By JAY CRIDLIN | St Petersburg Times Staff Writer
Rolando Carbonelo considers himself a Republican. He voted for President Bush in 2000 and he maintains that “he has not been a bad president overall.”
But this year, the Tampa resident said, he’s voting for John Kerry.
“I have no other choice,” said Carbonelo, a 59-year-old Cuban expatriate would said he is furious over Bush’s recent restrictions on travel to the island. The restrictions mean Carbonelo will be unable to visit his four uncles there.
“Family comes before anything,” he said. “God, family and country. That’s the order.”
Carbonelo and about 150 other rain-soaked protesters lined Himes Avenue near Columbus Drive on Saturday morning to show opposition to the new travel restrictions, which allow visits to immediate family in Cuba only once every three years.
Just across Himes, though, stood a group of more than 100 supporters of Bush’s policy - evidence that for Cuban Americans, a vital voting bloc in Florida, this issue is as divisive as any in an already contentious election year.
“This represents a split among Cuban Americans,” said Maura Barrios, assistant director of the Latin American and Caribbean studies department at the University of South Florida. “A lot of them were saying they were Republicans who voted for Bush, and they’re not voting for him anymore because of this particular issue.”
The new restrictions include 14-day limits on family trips to Cuba, a 44-pound luggage weight limit and new rules on what can be brought back into the country. Travelers may spend only $300, including a maximum of $50 per day. And money may be sent only to immediate family members.
Kerry has said he favors “principled travel” to Cuba.
“It’s not really around Democratic or Republican politics,” said Barrios, who said this was the first rally of this kind she’s seen in Tampa. “It’s coming from the right to travel law. Since Bush is the one implementing that with the support of the Cuban right-wing people, that’s what’s creating the split. That’s why Bush becomes the target.”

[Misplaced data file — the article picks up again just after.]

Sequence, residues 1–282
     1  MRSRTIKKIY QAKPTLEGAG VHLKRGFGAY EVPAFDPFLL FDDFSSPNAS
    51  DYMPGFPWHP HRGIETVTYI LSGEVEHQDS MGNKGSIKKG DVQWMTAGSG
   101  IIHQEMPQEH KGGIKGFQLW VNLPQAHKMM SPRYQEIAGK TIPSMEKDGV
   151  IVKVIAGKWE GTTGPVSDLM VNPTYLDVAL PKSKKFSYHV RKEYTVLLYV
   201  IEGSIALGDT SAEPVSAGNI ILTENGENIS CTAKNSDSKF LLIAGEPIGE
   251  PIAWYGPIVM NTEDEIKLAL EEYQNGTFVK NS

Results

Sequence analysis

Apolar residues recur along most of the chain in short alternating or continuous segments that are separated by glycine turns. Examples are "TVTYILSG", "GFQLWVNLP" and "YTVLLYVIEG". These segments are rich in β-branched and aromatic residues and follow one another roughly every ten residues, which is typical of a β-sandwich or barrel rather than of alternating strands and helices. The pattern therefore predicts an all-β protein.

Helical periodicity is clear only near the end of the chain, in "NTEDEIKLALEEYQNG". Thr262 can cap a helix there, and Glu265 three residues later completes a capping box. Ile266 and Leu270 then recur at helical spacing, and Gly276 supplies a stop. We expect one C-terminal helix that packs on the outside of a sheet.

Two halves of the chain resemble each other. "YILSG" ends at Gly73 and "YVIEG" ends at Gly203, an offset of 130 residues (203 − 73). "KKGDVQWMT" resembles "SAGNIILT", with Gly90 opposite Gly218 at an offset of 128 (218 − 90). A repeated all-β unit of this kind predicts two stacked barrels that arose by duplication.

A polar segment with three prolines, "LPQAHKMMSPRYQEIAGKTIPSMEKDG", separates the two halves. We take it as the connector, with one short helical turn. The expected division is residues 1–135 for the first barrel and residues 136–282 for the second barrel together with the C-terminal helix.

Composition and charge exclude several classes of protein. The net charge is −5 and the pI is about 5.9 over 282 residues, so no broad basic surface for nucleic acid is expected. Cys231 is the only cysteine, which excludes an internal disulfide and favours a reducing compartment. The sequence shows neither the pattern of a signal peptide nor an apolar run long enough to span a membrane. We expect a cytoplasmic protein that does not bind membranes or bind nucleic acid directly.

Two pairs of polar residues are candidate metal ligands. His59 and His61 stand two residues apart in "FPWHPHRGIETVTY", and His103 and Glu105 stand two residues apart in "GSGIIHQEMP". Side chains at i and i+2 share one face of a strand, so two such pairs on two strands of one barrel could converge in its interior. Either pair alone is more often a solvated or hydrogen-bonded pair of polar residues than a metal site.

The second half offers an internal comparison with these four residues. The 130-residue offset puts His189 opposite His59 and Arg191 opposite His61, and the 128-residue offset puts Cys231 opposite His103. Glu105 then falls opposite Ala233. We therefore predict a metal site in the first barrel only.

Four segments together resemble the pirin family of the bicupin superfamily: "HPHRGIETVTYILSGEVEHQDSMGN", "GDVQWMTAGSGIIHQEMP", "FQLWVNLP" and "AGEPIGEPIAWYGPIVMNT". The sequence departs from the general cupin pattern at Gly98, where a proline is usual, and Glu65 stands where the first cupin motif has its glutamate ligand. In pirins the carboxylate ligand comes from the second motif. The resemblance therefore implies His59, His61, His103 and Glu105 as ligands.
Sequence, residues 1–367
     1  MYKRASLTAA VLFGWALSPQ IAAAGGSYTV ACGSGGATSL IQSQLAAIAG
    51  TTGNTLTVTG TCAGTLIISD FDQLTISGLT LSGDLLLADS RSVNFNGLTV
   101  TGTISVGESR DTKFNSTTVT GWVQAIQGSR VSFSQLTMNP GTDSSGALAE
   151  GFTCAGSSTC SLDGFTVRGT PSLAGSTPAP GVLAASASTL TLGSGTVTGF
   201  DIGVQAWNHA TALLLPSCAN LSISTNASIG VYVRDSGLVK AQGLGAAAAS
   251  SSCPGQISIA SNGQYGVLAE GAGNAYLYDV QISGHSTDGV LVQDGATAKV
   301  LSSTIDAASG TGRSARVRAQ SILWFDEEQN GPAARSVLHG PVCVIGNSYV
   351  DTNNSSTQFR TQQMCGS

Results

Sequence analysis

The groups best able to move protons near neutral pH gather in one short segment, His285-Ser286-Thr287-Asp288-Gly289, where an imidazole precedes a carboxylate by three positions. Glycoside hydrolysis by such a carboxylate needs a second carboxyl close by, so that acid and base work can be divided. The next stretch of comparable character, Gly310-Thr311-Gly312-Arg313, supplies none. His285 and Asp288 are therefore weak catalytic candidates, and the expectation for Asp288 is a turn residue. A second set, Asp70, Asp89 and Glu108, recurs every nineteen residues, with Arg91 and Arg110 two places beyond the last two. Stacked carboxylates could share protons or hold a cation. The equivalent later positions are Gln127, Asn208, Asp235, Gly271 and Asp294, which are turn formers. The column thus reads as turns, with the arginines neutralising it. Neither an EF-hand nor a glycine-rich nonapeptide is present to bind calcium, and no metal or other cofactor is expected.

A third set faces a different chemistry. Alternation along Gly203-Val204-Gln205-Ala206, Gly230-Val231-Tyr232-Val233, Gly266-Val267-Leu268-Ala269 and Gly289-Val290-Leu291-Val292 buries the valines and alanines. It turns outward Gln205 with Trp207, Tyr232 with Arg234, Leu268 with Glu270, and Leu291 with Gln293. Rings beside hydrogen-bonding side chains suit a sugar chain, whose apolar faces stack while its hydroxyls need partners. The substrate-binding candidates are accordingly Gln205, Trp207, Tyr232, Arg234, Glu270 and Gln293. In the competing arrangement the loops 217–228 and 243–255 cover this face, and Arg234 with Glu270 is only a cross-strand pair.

Henry Mendoza, 42, said he viewed the travel restrictions as civil rights violations.
“These regulations only target Cuban Americans visiting Cuba,” he said. “It’s pretty discriminatory.”
The demonstration against Bush’s policy was organized by the Cuban Committee to Defend Family Rights, which was formed recently in response to the president’s policy changes, said Barrios.
Bush supporters, however, said the protesters were profiteers under the old policy. The backers of the new Bush policy said under the old rules, people made money by charging families in the United States to deliver clothes, medical supplies and money to Cuba.
“They’ve got no respect for the laws of the United States,” said 71-year-old Alfredo Naranjo of Tampa, a proponent of the Bush plan. “They basically want to live off the suffering of the Cuban people.”
Marcelo Suarez, 19, said the split was unfortunate, but that the Bush policy was necessary to fight Fidel Castro’s regime.
“We all have family in Cuba. We’re all suffering over this,” Suarez said. “This is showing us as a divided front. We’ve always shown a united front against everything.”
The two sides volleyed chants across Himes for three hours. At least twice, tempers escalated to the point where people from both sides stepped onto Himes for a heated exchange at the median. Police promptly ushered the protesters back out of traffic; no violence was reported.
Across town, Democratic senatorial hopeful Betty Castor opened her Ybor City campaign headquarters Saturday by speaking out against the new travel restrictions.
She outlined her own Cuba policy, which calls for once-a-year island visits by family members and the freedom to send unlimited money to Cuban relatives. A campaign spokesman said the policy announcement was not related to the protest at Himes and Columbus.
“I think there is a consensus among leaders in this state that the (trade) embargo should stay in place,” Castor said. “But how do you convince people on the island of Cuba about the importance of democracy and democratic traditions? You don’t do that by limiting access of families here in Florida and around the country to their Cuban families.”
Calls to the campaign of Rep. Peter Deutsch, one of Castor’s primary opponents for the Democratic nomination, were not returned.
A statement on Peter Deutsch’s campaign Web site says Deutsch believes in a hefty tax on U.S. firms that trade with Cuba “if the profits from that trade are tied to lobbying Congress to lift trade and travel restrictions.”
Danae Jones, a spokeswoman for Democratic Senate candidate Alex Penelas, Miami-Dade County’s mayor, said she didn’t know if he favored allowing Cuban Americans to visit Cuba more often than once every three years. He has not formed an official policy on the issue, she said.